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- What are your main research areas as a writer? How did you research about The Sunlight Plane?
History. More and more of late, my writing has been going towards fantasy fiction, and my interest in history really helps in world-building and adding realistic details to things.
(Ironically, I think fantasy is one genre where realistic detail is absolutely vital for the story to make any sense.) I especially love medieval Indian history, and lately, I’ve been reading about ancient trading routes. It simply takes my breath away, how the world used to function without our modern tools and sensibilities. Sometimes I wish I owned a telescope that could look into the past so I could see it with my own eyes.
- Do you have a routine when you write?
I try to write every day after work, even if it’s just 500 poorly chosen words before bed. You can always edit bad writing but you can’t edit a blank page, after all. I also give myself a lot of time to brainstorm my ideas—while commuting, over coffee, in the shower, any time that I have to myself is often spent actively thinking of my stories. It makes a huge difference to my productivity as a writer.
- Can you describe what that writing process is like for you?
It’s like bathing my dog.
I know what needs to be done. It’s all in my head. Spray him with water, lather, wash it off. Easy in theory. Writing’s the same. I sit at my computer. I have the idea in my head. I’m thinking of the first sentence. I’m reminding myself of the atmosphere I want to create on the page. It’s all there in my mind.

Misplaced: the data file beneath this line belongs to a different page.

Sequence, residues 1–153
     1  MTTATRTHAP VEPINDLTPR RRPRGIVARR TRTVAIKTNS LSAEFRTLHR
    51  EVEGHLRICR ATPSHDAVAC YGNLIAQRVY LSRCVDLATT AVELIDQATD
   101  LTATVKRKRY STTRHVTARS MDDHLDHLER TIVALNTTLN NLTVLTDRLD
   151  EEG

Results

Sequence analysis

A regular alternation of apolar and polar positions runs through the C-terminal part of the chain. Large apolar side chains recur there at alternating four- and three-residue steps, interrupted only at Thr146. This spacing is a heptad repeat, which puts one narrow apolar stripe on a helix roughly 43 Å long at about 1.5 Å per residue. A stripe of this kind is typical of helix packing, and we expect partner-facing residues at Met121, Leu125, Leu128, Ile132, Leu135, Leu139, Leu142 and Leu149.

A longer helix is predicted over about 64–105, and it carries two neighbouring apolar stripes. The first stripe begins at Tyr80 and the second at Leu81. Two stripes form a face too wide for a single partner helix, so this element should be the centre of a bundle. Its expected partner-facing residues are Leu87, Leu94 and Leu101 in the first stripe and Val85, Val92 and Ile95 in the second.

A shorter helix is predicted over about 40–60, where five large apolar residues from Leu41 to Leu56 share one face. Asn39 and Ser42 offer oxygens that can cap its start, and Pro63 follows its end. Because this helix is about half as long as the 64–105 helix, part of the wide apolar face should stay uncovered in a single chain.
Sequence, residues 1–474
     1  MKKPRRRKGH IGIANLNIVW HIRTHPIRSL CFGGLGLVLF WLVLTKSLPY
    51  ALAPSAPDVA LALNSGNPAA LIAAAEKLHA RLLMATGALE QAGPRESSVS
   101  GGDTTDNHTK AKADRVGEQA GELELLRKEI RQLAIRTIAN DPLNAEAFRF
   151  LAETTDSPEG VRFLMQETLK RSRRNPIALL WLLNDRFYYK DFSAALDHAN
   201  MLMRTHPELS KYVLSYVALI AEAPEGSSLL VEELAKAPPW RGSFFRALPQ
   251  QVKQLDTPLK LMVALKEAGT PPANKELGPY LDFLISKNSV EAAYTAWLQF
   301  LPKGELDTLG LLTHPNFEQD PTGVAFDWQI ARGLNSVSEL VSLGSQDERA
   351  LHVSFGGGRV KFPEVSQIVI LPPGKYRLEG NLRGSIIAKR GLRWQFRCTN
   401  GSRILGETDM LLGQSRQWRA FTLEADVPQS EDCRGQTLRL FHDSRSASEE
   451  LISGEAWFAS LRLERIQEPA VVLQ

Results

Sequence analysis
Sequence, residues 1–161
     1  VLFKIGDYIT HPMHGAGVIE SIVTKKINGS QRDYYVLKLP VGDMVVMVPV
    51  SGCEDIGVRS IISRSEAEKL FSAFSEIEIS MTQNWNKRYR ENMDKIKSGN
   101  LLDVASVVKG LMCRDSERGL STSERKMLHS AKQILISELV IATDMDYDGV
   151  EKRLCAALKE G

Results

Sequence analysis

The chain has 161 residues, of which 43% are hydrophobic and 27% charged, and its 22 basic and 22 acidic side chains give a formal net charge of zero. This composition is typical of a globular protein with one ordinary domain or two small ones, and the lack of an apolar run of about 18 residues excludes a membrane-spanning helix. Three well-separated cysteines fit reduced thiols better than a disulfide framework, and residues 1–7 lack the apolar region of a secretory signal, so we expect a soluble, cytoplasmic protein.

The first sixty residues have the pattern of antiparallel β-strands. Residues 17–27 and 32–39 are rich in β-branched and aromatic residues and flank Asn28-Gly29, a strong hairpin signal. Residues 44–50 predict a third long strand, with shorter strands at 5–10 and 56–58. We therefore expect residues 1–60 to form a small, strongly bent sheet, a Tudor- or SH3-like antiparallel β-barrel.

But much like bathing a dog, things can go wildly off course very quickly. Maybe your dog sees a cat he wants to run at, maybe you hit a dead-end in your plot.
Maybe the dog decides to roll around in the mud as soon as you wash him clean. Maybe you realize that your scene is logically flawed, or there’s a pacing issue that you’ll have to fix by rewriting the last 10 pages. It’s frustrating, it’s a lot of fun, and in the end, you always feel like you’ve accomplished something.
It’s also routine. I have to bathe my dog. I have to write. I brainstorm the idea. I sit and try to write it down. It is simply the most basic of things, but every story, like every dog bath-time, is an adventure.
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- Who are your favorite authors and books?
I’m currently obsessed with Priory of the Orange Tree by Samantha Shannon, which, as books go, is an accomplishment. I also love everything that V.E Schwab writes, she’s a writer-role model to me. (I practically inhaled her Shades of Magic trilogy in about 48 hours.)
- What are your favorite pass time activities and hobbies.
Binge-watching tv shows is a great way to pass the time and lose sleep, but I also enjoy vanity projects like trying different makeup looks and hairdos. I also love sitting in coffee shops and people-watching.